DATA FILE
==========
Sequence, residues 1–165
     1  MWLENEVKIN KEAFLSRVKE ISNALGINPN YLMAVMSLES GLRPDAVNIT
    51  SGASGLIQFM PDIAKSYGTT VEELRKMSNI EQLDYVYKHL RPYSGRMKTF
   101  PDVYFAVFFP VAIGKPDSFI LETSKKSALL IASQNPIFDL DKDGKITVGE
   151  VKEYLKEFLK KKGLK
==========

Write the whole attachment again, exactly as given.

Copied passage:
Sequence, residues 1–165
     1  MWLENEVKIN KEAFLSRVKE ISNALGINPN YLMAVMSLES GLRPDAVNIT
    51  SGASGLIQFM PDIAKSYGTT VEELRKMSNI EQLDYVYKHL RPYSGRMKTF
   101  PDVYFAVFFP VAIGKPDSFI LETSKKSALL IASQNPIFDL DKDGKITVGE
   151  VKEYLKEFLK KKGLK